The upper deck waterways are 12 inches square, and the strake inside of them 5 inches thick, let into the beams below, and cross bolted. The upper deck is of clear white pine, 3½ inches thick. Her garboards are 7 inches thick, and the strakes outside of them are graduated to 4 inches, the substance of the planking on the bottom. She has 19 wales of 5 by 7 inches, and a beautiful narrow waist of three strakes, defined between the mouldings of the upper wale and the planksheer.
Her covering board and main rail are each 6 by 15 inches, and the latter in midships is 4 feet high, surmounted by a monkey rail. As already stated, she rises boldly forward, which makes the bulwarks higher there. The bulwark stanchions are of oak, and the bulwarks are of narrow boards, neatly tongued and grooved.
We have already stated that her frame is entirely of white oak; we may now add that she is very strongly fastened, and that more than usual care has been bestowed in driving her bilge and butt bolts and treenails. Her frame is seasoned with fine salt, and she is ventilated along the line of her planksheer, and through the bitts, and what is of more consequence, has Emerson's patent ventilation. These last are deservedly popular with all who have adopted them, and are now considered indispensible in almost every class of vessel. We have conversed with several intelligent ship masters about them, and the verdict in their favor is unanimous.
Her accommodations are excellent, both fore and aft. The crew have quarters in a large houses, between the fore and main masts. This house is 37 feet long by 14 wide, and 6½ high, and also contains the galley and other useful apartments.
The cabin is under a half poop deck, 26 feet long, and the entrance to it is protected by a house in front, which overlaps the deck aft, and contains two staterooms, two recesses, lockers, &c. The cabin descends from this house about 3 feet, and is beautifully wainscotted with plain branch mahogany, set off with enamelled pilasters, edged with gilding. The panels are oblong squares, and are finished in the first style of workmanship. The cabin contains four state-rooms on the starboard side, and three and a water closet on the larboard side. Two of these state-rooms, one on each side, overlook the main deck, and between them, clear of the staircase, is the pantry. The state-rooms and cabin are splendidly furnished, well lighted and ventilated. She has two transom sofas, one above the other, and on the forward partition, a beautiful mirror, which gives a reflected view of the cabin abaft it. Nothing seems wanting to secure the comfort of those who may take passage in her.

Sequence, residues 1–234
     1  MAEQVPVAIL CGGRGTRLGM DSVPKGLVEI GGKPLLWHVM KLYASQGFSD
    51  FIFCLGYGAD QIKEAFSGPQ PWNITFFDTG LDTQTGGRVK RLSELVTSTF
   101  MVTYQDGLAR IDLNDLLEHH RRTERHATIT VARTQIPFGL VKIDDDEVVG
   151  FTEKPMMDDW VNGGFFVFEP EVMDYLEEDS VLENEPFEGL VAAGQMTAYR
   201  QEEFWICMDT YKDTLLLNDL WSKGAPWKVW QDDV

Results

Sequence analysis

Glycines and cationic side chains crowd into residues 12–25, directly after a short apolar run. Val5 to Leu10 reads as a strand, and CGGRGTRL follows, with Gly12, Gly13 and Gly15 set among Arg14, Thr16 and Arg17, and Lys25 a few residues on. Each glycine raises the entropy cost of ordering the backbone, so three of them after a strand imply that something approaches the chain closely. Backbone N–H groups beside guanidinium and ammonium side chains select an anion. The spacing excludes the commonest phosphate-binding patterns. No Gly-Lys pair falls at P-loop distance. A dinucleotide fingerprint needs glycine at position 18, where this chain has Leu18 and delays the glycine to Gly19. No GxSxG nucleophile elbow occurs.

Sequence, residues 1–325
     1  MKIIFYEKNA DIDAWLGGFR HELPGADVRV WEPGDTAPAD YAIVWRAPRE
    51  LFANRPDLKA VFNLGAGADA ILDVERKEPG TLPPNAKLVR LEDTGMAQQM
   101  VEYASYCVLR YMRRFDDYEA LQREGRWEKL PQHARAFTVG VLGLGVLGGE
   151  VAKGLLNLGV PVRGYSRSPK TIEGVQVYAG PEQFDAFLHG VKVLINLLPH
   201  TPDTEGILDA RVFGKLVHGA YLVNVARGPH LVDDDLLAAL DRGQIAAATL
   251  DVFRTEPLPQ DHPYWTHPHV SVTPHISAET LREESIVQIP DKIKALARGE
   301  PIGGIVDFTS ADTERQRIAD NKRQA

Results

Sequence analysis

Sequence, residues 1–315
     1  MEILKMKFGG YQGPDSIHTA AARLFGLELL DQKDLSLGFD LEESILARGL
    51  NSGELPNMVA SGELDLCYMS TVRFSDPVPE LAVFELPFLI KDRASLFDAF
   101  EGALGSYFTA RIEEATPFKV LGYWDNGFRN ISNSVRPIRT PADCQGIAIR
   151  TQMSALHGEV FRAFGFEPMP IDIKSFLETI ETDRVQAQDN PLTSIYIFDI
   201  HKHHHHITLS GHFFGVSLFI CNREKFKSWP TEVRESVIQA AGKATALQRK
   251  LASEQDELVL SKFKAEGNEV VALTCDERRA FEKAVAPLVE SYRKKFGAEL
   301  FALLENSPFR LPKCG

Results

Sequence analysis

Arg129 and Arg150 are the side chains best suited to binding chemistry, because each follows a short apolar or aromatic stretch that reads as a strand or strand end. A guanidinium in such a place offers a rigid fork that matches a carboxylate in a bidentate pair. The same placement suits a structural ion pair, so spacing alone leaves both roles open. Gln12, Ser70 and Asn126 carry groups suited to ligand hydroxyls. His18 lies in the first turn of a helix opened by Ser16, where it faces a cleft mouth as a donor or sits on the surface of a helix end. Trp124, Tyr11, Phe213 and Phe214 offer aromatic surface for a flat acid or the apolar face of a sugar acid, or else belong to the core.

She has two handsome capstans, a patent windlass, a patent steering apparatus, an iron tank below, capable of holding 3000 gallons of water -- good ground tackle and plenty of substantial boats. In a word, her outfits are all that they ought to be to ensure safety and success.
She is a full rigged ship and looks splendidly aloft. The following are the dimensions of her masts and yards:
|Dimensions, Inches.||Length, Feet.||Mast-heads, Feet.|
She is named after the most beautiful constellation of the Southern hemisphere.
As a whole we consider her a ship of beautiful proportions, well built of good materials, handsomely finished, and liberally found. Messers. E. & H.O. Briggs, of South Boston, built her, and so well satisfied were her owners of the faithful manner in which the builders had performed their contract, that they presented each of the builders with a handsome token of their approbation. She is owned by Messrs. Baker & Morrill, of this city, and will be commanded by Capt. Levi Stevens, an experienced and skilful sailor. She is now loading at Central wharf for San Francisco, and will be ready for sea in a few days. Success to her.
Transcribed by Lars Bruzelius.
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Copyright © 1997 Lars Bruzelius.